27 Jul 2012

How Would a Free-Market Society Provide Law and Military Defense?

Economics, Shameless Self-Promotion 33 Comments

We answer these central questions in my new online Mises Academy class, which starts August 1. Summer pricing: the 6-week class is only $59! Full infomercial here.

33 Responses to “How Would a Free-Market Society Provide Law and Military Defense?”

  1. Major_Freedom says:

    This recent story might be relevant to discussion.


  2. Gene Callahan says:

    This is fairly simple: In the beginning of a “free-market society,” people would band together in small defensive groups. Gradually, these would form coalitions against each other, based on cultural or strategic considerations. Finally the largest of such groupings would gain monopolies on the legal use of force over large territories. Finally, after a lot of death and suffering, we would achieve… the world we have today!

    I can’t wait to get started!

    • Major_Freedom says:

      Yeah, Rothbard already poked holes in the immaculate conception of the state theory from Nozick, and Mises already crushed the inevitability of socialism theory from Marx. You used both in the same argument. Kudos.

      Next thing we’ll see is Callahan playing Hegel in a sandbox for some other loony absolutist platitude.

      We are not chained to a single inevitable fate. Humans can learn and improve on the past. Not all of us see humans as having to sit back and watch as Providence takes us down a path we cannot deviate from. I know of some 19th century European slaves who have something to say about that nonsense.

      • Tel says:

        Not that I’m a great Gene Callahan supporter or anything, but you are being unfair. We only ran the experiment once and 100% of the outcomes are what we have today.

        Most of the nations on Earth came about via conquest, thus proving the conquered people did not provide sufficient military defence to be able to protect themselves. The only conclusion we can come to is that all the remaining nations did provide a quality military (at least good enough for the time being).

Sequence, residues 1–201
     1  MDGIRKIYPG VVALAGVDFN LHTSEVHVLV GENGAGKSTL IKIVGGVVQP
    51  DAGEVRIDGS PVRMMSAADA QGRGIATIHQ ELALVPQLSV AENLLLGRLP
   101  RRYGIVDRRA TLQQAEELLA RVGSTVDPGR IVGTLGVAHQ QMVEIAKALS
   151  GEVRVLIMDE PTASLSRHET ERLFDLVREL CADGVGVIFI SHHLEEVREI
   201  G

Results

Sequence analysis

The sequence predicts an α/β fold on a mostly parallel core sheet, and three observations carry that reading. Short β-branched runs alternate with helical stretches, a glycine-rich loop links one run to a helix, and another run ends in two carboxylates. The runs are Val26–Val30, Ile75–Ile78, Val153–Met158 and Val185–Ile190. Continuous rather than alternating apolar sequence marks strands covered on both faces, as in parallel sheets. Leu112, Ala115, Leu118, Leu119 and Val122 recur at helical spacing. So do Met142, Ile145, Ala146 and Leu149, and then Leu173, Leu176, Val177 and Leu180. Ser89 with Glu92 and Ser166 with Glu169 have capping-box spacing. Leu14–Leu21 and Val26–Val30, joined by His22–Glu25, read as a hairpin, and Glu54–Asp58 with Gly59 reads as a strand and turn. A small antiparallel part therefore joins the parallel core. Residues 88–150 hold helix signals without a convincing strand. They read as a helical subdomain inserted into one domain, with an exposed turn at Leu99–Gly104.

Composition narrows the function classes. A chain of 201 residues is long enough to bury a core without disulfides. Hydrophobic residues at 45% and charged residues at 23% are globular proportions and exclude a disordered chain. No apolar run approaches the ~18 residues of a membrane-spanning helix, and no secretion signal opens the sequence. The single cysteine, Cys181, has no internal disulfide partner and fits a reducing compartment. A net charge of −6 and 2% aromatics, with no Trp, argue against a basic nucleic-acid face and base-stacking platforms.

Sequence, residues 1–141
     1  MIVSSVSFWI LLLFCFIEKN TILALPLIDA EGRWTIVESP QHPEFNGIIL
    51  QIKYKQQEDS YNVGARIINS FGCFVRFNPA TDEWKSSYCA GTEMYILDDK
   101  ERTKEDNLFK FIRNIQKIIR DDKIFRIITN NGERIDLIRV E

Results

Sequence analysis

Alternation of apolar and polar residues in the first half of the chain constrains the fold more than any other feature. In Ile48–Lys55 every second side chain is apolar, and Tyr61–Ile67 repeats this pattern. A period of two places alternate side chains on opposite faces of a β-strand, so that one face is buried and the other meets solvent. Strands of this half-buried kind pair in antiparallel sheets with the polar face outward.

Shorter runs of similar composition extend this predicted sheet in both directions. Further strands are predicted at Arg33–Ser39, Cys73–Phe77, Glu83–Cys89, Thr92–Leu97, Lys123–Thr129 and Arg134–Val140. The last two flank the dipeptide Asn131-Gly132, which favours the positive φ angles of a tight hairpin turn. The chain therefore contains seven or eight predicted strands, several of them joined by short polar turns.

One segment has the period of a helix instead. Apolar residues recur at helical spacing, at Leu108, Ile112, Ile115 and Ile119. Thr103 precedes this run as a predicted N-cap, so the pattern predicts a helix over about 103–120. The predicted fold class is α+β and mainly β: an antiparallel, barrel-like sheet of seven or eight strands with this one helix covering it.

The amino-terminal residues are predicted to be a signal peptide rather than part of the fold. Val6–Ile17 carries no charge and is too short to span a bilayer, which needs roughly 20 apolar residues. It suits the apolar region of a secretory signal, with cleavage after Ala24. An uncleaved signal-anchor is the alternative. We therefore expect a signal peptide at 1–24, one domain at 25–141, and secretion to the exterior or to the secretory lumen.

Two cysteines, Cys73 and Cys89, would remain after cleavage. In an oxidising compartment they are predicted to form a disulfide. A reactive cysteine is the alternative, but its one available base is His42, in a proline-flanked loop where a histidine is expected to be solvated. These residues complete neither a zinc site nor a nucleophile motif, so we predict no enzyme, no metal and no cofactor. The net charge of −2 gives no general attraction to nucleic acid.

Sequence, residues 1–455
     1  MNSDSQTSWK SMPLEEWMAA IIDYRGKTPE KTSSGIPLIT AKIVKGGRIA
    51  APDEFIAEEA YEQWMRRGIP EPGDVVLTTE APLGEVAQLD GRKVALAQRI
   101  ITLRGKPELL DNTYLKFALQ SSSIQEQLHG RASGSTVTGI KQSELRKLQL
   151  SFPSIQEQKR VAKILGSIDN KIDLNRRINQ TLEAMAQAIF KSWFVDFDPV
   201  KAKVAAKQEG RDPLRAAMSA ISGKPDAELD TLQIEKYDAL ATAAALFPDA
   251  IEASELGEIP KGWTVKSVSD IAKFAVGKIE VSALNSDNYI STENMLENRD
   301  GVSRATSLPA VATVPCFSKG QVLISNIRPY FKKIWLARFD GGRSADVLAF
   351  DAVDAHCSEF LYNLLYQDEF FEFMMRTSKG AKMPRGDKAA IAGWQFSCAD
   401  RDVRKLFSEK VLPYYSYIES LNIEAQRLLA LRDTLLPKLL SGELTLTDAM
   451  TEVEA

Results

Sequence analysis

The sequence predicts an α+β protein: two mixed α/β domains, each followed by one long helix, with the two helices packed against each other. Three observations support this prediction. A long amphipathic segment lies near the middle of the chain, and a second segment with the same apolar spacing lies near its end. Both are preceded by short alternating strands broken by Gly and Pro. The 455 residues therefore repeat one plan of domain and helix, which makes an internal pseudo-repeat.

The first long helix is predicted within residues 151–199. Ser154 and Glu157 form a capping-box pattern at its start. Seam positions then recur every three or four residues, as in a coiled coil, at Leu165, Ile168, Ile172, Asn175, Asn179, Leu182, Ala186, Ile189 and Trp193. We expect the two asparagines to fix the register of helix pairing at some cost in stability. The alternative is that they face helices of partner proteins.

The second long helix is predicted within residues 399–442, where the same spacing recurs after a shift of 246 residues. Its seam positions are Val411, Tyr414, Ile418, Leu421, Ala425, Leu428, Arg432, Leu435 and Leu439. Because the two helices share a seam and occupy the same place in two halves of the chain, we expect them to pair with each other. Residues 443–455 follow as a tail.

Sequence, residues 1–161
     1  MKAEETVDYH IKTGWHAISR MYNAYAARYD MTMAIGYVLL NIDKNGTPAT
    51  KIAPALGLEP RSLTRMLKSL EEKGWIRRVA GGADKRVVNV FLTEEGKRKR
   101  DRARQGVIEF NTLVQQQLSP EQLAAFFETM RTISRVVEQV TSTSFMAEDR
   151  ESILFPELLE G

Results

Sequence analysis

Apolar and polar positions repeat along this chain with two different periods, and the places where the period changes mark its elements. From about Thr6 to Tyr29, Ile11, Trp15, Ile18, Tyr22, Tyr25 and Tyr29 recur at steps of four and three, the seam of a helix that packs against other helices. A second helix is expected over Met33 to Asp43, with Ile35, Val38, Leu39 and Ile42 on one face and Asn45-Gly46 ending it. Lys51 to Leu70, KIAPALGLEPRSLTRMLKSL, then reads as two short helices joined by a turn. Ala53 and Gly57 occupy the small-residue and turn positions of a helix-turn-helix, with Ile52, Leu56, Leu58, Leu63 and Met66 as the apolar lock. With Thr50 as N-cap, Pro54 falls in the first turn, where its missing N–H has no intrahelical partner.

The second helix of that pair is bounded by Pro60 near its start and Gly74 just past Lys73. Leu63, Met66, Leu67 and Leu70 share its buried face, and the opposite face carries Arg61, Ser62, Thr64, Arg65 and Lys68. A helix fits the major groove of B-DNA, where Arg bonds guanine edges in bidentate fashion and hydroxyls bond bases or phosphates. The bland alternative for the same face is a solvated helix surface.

Of course, if we started again from fresh right now, then we would have technological advantages, but that wouldn’t really be starting from fresh, and besides, we all know the existing powerful people ain’t about to hand it over.

        • Major_Freedom says:

          How am I being unfair? How is pointing out that we are not chained to our past, unfair? How is pointing out that humans learn over time, unfair?

          It doesn’t matter even if there is 1 trillion years of human anarchist experiments that turned statist. It still would not prove that humans are inevitably predisposed to statism as a fact of “human nature.”

          Human history is unique. There are no constants in human action. There is repetition for sure, but it’s by choice, not Providence.

          I agree that those with existing power won’t just hand it over nicely. But then neither did any other rulership type hand over power nicely. Warlords didn’t easily give way to Princes. Princes didn’t easily give way to Kings. Kings didn’t easily give way to Parliaments.

          I am in agreement with Mises when he said that the power of rulers rests entirely on the support of the masses, implicitly or explicitly.

          I think you are too partial to the epistemology of historicism, where history isn’t what we make of it, but is rather a book that we’re reading, and that this book cannot be anything else other than a particular story, and we can only ever pause our reading of it, which can only delay the story as it unfolds. That we can never write our own story.

          • Bob Roddis says:

            Isn’t it interesting how every statist myth is based upon some alleged hokey a priori iron law of the universe” People must invariably create “states”. Just cuz. Entrepreneurs are too dumb to know how much stuff to make that will clear the market but central planning funny money bureaucrats do. Just cuz. It’s an a priori law of the universe, didn’t you know?

    • Major_Freedom says:

      Why isn’t there a world monopoly state? Not all countries are not going to war. In fact, it’s only a handful that are fighting wars.

      We can go 250,000 years without a world state, and we can go 250 million without any state.